Last Lesson: Stop waiting. No, not for everything–it’s not time to throw the dreams out to the raccoons (yes, I’m still scarred by the ones that used to haunt our trash bins). But I realized that I spend a disproportionate amount of time waiting for things that feel so far away. I wait for the Big Turning Points, the Events that will shift my life monumentally, yet I am missing out on the incremental motions that stretch me, change me day by day. I may still wait for the big fixed points, but God is telling me to stop waiting and embrace what is right in front of me.

I have writing projects I could be working on (have you started that book yet, Joanna?). All those books from those conferences I haven’t read yet? Yeah, my brain has been starving for the extra stimulation. There are people in my neighborhood I could be reaching out to if I took the time to brainstorm how. Tired of reading headlines about racial division in my country? There are steps I can take to educate myself and move into circles where I can make a difference.

I also have so many new people in my life who God has been prodding me to open up to and commit to loving, but my eyes have always been focused on a point past their shoulders that I don’t see them. God has already given me a wealth of love, and I don’t want to squander it because I’m too busy fixating on what or who I don’t have. If there is more flexible space allotted to my days right now, then it should be shared and used.

It’s a discipline, trusting God with the daily and the unknown stretching beyond it, but I am discovering so much peace even as I battle my anxiety and push my feet forward. I start writing more regularly and focusing on it as a craft again because I have time, more time than ever, to exercise my mind. I help raise other people’s kids. I join in on conversations on justice. I spend time with my friends and family and get to know the people in my church. I finish that piano piece from last summer. I play a video game or two (I got really good at Uncharted). I cook. I dance. I take long walks alone. I talk to God more often, like I used to when I was a teenager and had faith on fire. My waiting is neither passive nor naive; I am finding the life waiting underneath the illusion of inertia.

A few months ago, I spoke on a panel on the topic of dating, intimacy, and desire. The big question was, “What are you waiting for?” It was weird for me to envision myself on a panel at first (isn’t it usually for people with three published books and years-worth of ministry experience?), but as I started responding to questions from the crowd, I realized: I’m not the same person. It was a slow-burning cognizance; I’m not the freshman girl fixated on finding The One or depressed because I think God’s holding out on me. This past year of waiting has shifted something in me, turned my rabid hand-wresting into open palms, fingers loose. By practicing how to find abundance in my life apart from my checklist of unfulfilled desires, my heart becomes permeable. I receive more easily, and I give of myself more eagerly.  The grueling days of yearning come, and I still allow myself to cry when they do–I’m allowed to grieve for yearnings untouched; but I am no longer incarcerated in my waiting.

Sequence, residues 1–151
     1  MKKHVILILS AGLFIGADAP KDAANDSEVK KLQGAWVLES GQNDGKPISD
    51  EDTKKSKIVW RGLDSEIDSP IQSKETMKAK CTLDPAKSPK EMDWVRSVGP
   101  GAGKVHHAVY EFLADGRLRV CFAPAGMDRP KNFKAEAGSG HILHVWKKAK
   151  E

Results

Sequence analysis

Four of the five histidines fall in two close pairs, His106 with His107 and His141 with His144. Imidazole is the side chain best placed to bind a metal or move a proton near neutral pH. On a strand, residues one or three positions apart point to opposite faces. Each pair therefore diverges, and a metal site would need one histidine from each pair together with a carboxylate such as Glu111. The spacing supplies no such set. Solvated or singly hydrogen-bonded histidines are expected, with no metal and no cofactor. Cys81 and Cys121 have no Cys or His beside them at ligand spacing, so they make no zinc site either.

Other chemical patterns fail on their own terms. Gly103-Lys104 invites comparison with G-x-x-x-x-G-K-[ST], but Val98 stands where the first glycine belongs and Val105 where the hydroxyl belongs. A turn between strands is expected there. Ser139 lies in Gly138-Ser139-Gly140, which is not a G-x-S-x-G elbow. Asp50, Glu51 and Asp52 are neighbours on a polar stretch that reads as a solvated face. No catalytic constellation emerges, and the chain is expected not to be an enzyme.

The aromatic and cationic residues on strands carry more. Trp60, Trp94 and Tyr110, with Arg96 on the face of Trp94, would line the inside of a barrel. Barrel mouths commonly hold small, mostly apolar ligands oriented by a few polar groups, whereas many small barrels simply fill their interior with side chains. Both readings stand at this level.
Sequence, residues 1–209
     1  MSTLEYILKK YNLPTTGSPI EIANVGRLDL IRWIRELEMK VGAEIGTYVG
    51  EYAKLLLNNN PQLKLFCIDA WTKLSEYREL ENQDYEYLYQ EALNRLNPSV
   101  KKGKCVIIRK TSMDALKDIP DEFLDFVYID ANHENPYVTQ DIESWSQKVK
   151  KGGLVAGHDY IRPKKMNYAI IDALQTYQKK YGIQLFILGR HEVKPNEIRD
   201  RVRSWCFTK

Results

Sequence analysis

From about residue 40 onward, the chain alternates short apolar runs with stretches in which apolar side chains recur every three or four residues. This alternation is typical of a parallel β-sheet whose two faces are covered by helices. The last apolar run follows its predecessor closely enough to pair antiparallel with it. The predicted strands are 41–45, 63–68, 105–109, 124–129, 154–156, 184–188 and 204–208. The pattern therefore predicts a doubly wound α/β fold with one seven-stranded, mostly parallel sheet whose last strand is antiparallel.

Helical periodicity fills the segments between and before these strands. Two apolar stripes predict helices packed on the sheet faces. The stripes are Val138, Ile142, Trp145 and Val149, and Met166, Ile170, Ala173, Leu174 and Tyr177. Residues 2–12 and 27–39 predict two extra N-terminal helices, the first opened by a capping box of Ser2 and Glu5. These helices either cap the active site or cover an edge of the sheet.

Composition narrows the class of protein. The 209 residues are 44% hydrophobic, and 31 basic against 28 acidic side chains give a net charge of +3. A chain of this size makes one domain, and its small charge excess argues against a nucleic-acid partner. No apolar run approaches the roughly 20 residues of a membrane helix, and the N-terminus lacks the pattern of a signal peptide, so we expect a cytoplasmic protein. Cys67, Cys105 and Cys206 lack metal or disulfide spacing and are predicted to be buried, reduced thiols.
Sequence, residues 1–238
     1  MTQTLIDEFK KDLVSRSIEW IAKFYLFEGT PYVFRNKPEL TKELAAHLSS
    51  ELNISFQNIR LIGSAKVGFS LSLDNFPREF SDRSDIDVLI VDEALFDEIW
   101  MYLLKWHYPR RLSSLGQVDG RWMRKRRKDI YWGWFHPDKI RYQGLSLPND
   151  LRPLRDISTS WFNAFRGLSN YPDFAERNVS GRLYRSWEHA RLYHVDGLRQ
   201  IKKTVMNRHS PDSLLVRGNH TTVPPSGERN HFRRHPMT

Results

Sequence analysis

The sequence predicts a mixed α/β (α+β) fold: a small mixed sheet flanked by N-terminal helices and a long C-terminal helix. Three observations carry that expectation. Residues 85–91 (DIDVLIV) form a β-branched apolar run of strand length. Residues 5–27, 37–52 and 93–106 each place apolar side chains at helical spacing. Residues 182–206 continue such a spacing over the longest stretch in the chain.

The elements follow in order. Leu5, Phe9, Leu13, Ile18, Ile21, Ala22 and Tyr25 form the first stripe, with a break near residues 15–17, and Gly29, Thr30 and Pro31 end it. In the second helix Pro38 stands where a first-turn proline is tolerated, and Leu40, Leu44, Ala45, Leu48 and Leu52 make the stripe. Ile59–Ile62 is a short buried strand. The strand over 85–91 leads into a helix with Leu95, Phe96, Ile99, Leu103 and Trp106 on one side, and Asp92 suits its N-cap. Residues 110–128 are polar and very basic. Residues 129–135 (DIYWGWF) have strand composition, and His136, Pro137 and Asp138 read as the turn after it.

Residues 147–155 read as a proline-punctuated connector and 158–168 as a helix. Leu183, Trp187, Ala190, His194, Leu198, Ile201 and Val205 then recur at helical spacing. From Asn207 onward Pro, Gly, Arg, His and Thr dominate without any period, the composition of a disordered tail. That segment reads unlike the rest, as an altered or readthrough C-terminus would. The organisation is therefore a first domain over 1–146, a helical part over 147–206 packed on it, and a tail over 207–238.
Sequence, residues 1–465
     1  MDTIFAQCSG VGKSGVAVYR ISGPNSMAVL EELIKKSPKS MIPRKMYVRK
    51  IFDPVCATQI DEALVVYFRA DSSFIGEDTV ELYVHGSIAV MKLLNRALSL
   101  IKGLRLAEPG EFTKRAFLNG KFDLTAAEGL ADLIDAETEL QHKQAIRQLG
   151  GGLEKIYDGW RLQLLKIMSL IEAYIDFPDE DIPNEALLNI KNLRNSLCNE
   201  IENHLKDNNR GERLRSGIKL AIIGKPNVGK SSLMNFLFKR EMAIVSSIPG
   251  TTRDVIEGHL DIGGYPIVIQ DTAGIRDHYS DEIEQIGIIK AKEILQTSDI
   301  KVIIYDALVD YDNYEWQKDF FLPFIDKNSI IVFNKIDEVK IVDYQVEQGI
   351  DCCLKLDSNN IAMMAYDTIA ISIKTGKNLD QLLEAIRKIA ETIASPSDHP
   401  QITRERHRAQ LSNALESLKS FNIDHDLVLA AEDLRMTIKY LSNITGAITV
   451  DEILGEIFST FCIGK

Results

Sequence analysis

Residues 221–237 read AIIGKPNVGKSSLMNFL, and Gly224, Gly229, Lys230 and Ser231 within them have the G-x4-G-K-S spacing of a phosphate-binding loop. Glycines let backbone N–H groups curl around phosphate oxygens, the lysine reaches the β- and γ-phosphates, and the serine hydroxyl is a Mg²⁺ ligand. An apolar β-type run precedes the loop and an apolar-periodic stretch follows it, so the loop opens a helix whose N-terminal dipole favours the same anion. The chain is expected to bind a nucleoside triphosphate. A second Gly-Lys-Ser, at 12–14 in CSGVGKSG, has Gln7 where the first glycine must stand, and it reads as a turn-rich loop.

I may feel like shivery air concentrating, waiting for solid form, but God gives ground to vapor, as a recent worship song reminds me. My desires may not take the form I expect, or coalesce in the time I want, but I trust God to do in my life what is needed–not only what is wanted. My life will undulate in the wavelength of my Savior, and I will not be weighted by doubt.

4 thoughts on “waited

  1. Oh Joanna, this was beautiful!
    Thanks for sharing! Waiting is hard by I’m grateful that God is teaching and stretching you in the process! Praying for you!
    God bless and much love,
    Anna

    Sent from my iPhone

    Like

  2. “This past year of waiting has shifted something in me, turned my rabid hand-wresting into open palms, fingers loose.”–i loved this imagery!

    “I stop seeing every rejection as a crucifixion of my character, trusting the faithfulness of Jesus, who endured being crucified so I wouldn’t have to agonize over my self-worth. He has already made me worthy”–another gem.

    I relate to this entire piece. When I didn’t have employment, I did think that every rejection was an attack on me. I felt so low, was depressed, and felt that my identity and my joy was wrapped up in a place of employment. Its so freeing to remember and realize that we aren’t tied to those things.

    I enjoyed reading this.

    Like

    1. Thank you for your comments! Yeah, it’s hard when your happiness is tied to getting to a certain point. It is so liberating to realize our hope rests in God and not our ability to get the things we want most.

      Like